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James V. West
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« Reply #3 on: March 29, 2003, 09:25:01 AM »

Hey Cassidy

Basically, thems the breaks when it comes to anything indie/small press. Par for the course, so to speak. Try posting a new thread regarding The Puddle and ask specific questions. You'll get some responses I'm sure.
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Mike Holmes
Acts of Evil Playtesters
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« Reply #4 on: March 29, 2003, 05:40:33 PM »

Here's my feedback: I like the Puddle pretty much.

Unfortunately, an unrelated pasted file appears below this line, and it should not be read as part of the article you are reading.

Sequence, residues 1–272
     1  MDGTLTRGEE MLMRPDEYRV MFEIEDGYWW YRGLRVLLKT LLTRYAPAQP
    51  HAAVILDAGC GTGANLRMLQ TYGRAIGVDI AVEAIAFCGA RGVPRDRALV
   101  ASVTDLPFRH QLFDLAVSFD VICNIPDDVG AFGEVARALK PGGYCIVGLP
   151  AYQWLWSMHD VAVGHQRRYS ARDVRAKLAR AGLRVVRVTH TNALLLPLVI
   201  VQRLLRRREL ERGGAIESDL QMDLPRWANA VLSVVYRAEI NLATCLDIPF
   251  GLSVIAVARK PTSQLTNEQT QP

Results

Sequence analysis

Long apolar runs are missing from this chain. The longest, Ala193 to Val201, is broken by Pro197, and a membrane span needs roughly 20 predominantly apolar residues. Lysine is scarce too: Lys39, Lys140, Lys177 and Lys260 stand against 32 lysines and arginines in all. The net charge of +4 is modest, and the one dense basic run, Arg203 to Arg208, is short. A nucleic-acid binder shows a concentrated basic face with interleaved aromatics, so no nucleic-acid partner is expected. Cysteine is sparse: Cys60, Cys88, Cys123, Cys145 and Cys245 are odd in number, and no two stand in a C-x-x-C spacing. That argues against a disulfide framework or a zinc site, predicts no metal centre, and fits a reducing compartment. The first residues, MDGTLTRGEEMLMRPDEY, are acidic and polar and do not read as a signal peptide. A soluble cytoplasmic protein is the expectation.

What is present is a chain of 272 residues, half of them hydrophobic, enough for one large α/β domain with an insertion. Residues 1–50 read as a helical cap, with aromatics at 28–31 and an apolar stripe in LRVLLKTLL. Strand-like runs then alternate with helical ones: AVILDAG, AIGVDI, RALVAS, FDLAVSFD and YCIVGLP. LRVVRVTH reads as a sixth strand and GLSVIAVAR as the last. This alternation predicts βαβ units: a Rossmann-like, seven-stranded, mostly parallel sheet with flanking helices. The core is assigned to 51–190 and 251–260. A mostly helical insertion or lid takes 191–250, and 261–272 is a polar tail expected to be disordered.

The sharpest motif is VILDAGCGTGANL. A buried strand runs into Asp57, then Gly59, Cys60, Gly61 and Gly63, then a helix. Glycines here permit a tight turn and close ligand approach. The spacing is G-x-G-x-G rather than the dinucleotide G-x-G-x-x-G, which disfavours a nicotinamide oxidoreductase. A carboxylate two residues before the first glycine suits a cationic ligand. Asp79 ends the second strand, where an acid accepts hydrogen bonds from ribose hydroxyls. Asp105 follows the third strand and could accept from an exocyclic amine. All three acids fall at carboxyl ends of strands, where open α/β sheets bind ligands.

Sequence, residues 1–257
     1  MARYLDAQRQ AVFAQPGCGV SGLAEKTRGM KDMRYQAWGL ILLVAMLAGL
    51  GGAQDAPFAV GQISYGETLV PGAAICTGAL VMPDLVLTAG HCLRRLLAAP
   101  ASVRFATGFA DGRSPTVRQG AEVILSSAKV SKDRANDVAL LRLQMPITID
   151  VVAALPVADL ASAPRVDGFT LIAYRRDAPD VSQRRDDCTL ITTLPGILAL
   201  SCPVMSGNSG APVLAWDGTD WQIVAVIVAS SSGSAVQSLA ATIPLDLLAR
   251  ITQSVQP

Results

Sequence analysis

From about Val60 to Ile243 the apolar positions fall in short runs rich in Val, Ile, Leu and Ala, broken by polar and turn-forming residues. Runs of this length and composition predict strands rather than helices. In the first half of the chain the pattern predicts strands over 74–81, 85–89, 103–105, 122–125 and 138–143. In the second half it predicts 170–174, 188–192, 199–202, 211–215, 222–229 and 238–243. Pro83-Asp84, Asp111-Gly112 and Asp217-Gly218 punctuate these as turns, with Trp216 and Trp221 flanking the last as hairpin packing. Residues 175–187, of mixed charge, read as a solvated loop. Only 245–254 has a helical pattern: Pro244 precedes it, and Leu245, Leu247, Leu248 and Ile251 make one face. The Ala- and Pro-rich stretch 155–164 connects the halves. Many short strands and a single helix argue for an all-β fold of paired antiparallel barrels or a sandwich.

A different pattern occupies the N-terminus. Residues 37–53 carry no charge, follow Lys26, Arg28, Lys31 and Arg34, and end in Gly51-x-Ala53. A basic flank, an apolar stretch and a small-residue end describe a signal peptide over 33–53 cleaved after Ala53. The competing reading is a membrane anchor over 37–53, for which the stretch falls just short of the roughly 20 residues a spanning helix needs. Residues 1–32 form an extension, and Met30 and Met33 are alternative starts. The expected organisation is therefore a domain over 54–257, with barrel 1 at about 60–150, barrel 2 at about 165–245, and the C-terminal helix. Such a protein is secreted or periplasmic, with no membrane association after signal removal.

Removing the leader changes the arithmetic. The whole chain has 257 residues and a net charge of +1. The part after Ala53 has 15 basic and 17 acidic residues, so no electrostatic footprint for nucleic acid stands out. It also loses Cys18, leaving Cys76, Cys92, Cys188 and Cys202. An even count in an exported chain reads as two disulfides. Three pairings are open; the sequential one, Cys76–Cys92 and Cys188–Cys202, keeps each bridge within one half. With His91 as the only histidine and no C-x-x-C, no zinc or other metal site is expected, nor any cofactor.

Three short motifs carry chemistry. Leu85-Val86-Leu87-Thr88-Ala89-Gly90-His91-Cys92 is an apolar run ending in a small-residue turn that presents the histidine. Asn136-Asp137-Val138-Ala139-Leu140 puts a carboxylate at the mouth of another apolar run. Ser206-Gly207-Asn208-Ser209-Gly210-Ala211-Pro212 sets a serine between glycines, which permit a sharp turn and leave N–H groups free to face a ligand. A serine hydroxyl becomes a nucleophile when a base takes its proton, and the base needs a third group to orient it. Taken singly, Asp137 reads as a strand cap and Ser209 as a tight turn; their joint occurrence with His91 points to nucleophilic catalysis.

OK, what else do you need to know?

Now, here's a question for you. In the Anti-pool, do you think that the reversal of the dice reward effects will cause play to be too back and forth about a center? Or will players have differing lengths of slides up and down, some of which will result in low times for the character, and others which will result in periods of triumph? IOW, will the dramatic pace of The Pool be improved degraded, simply changed, or remain unchanged by using the Anti-Poool mechanics.

Mike
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Cassidy
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« Reply #5 on: March 30, 2003, 08:07:46 AM »

I've never played the anti-pool variant so I can only speculate on how it may play out in practice.

One of the aims of anti-pool was to address the issue of thrashing whereby players found themselves with little or no pool dice and effectively 'deprotagonised'.

To be honest I never considered this to be a big issue for a couple of reasons.